Tuesday, January 31, 2012

Looking At the Bright Side

A professor I knew in graduate school used to tell a story about a letter of recommendation he’d received for a prospective student. It said, “Anyone who takes [name redacted] into his lab will learn a lot about himself.”

As I slog along trying to turn my WIP into a novel, I’d like to add that any writer who attempts a revision of this magnitude will learn a lot about him/herself. Between you and me, it’s not always a pretty sight. To fend off discouragement, I’m trying to remember a couple things. 

First, when Name Redacted decorated the ceiling of the dark room with glow-in-the-dark stars, he earned a severe reprimand. Stray light is a bad thing in a dark room. Nowadays, most dark room work has been replaced with more sensitive technology, but back then, dark room time was a strange combination of sensory-deprived boredom and anxiety about how the experiment would come out. The image of a mini constellation shining down on tired and worried scientists has remained with me through the decades. 

Second, Name Redacted eventually had a successful scientific career.

Friday, January 27, 2012

Overheard #180

The more words I take out, the better my writing is.

Thursday, January 26, 2012

Endowed Objects

One evening at Honesdale, we discussed endowed objects. The definition in my notes is: a subject or object that seems to mean something other than it is, or has significance other than the literal.  

I thought of many examples in fantasy and paranormal novels. Consider the ring, the mithril coat or Sting in Tolkien’s The Hobbit. The Harry Potter novels have too many to list. The Everafter by Amy Huntley is a novel of endowed objects as each item Madison finds allows her to revisit the time in her life when she lost it.   

Realistic novels can also have endowed objects. In Nowhere Girl by A.J. Paquette the tea box contains Luchi’s past and her future. The mountain in Louis Sacher’s Holes is the cause of Stanley’s curse and the means of ending it.  

I’ve been thinking about my novels. Over the years, I’ve “endowed” calluses, a basketball, a balcony, a camcorder, a chess set and a cane. What are the endowed objects in your manuscripts?

Sunday, January 22, 2012


Last summer, I repotted these begonias, and they thanked me by blooming a month or two early.

Friday, January 20, 2012

Overheard #179

"Do not let the facts get in your way!"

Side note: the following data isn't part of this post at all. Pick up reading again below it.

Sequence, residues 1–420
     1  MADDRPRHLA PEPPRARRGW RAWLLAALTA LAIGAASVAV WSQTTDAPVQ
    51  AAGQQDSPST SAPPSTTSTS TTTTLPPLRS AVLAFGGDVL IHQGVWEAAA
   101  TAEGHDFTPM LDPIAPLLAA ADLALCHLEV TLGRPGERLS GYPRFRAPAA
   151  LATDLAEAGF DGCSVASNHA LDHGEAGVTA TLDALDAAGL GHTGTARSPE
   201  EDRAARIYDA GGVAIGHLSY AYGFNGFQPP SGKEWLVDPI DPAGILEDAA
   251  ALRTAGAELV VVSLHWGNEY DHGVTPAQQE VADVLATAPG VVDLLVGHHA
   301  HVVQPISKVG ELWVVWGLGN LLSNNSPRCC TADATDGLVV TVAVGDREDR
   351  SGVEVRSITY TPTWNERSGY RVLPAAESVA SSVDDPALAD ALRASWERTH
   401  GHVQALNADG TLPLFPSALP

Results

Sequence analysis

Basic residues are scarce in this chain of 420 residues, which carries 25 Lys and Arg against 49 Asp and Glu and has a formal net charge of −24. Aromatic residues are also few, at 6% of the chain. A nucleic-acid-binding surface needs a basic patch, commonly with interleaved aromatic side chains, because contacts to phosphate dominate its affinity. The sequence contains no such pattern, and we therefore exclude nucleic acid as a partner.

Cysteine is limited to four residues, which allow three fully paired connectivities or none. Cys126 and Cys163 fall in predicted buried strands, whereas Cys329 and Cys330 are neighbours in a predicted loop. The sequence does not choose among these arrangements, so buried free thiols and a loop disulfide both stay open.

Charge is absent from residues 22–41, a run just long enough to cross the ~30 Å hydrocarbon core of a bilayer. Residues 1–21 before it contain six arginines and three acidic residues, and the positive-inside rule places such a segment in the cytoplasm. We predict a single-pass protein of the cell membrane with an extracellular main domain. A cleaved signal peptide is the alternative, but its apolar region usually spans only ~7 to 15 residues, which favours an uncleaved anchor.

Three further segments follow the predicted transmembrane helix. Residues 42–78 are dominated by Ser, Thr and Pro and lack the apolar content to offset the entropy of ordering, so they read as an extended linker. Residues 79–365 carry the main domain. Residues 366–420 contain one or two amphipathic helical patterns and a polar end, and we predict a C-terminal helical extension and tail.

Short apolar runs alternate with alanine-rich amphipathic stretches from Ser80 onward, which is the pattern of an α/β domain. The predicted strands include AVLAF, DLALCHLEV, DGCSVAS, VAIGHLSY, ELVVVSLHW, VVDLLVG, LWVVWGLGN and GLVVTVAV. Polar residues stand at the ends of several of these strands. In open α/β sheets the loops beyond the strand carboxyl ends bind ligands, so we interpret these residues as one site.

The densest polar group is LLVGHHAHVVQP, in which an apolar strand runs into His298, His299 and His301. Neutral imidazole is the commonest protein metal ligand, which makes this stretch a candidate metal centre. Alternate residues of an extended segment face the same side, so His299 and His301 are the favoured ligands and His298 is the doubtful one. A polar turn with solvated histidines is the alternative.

Wednesday, January 18, 2012

Polishing and Tinkering

Last Saturday, I brought a couple snippets of my newly transformed manuscript to critique group. Faithful blog readers will remember that my protagonist and his love interest changed places. This was the first time anyone had read the new stuff.

It was greeted with faint praise. 

Of course I was discouraged.

Then I realized that I’d lapsed into polishing and tinkering, and the manuscript isn’t ready. The do-si-do draft (where the characters changed places) was a quantum-shift revision. I need to embark on another. My protagonist’s personality, which is completely different from my previous protagonist’s personality, must shine from every sentence. 

Polishing and tinkering is simple, seductive and fast, so it’s easy to be lulled into revision complacency. I thank my critique group for waking me up and getting me back with the program.

Friday, January 13, 2012

Overheard #178

"You don’t know exactly what they mean by what it is that they said." 

Thursday, January 12, 2012

Tracking Devices

I’ve been researching spy gear for my WIP with the understanding that products available on the internet may be less sophisticated than models used by real secret service organizations. So far, I’ve gleaned that it’s easy to make tiny cameras and listening devices and hide them in ingenious places. Making a micro-tracking device is more difficult, probably because of the size of the battery. 

The Spark Nano (link removed) is about 2”x3” and intended for use in a vehicle. The smallest tracking devices I’ve found are designed for pet collars.  

The BBC production called Spooks in the UK and MI5 in the US showed tracking devices about 1”x1/4” that could be attached to a lapel or collar. They may exist, but I haven’t found them on the internet. I’ve read (and I can’t remember the book) about tracking devices that were minuscule adhesive discs. I suspect it was a fantasy novel.

Sunday, January 8, 2012


Early morning light on the Red Cedar River.


weird ice #1 (of 2012)

Friday, January 6, 2012

Overheard #177

"I sound more enthusiastic in writing."

Monday, January 2, 2012

What's In A Name?

I just finished critiquing a novel for a woman I met at that SCBWI-MO conference. She had emailed me an electronic file named "Everyone’s Counting On Me." I wrote quite a bit about why I didn't like the title. I told her it was a plot of action so of course we're counting on the hero. I suggested her title could hint at the steampunk genre since the early chapters felt like historical fiction. I blathered on.

She wrote back to tell me the manuscript does not yet have a title. She named the file "Everyone’s Counting On Me" to remind herself that her husband and critique group expected her to finish and submit this manuscript.
Ha! I guess I’ve been taking myself too seriously.
Currently my work-in-progress is saved in a file called Honesdale Draft 3 which has little to do with the plot. 

Sunday, January 1, 2012


Michigan bridges falling down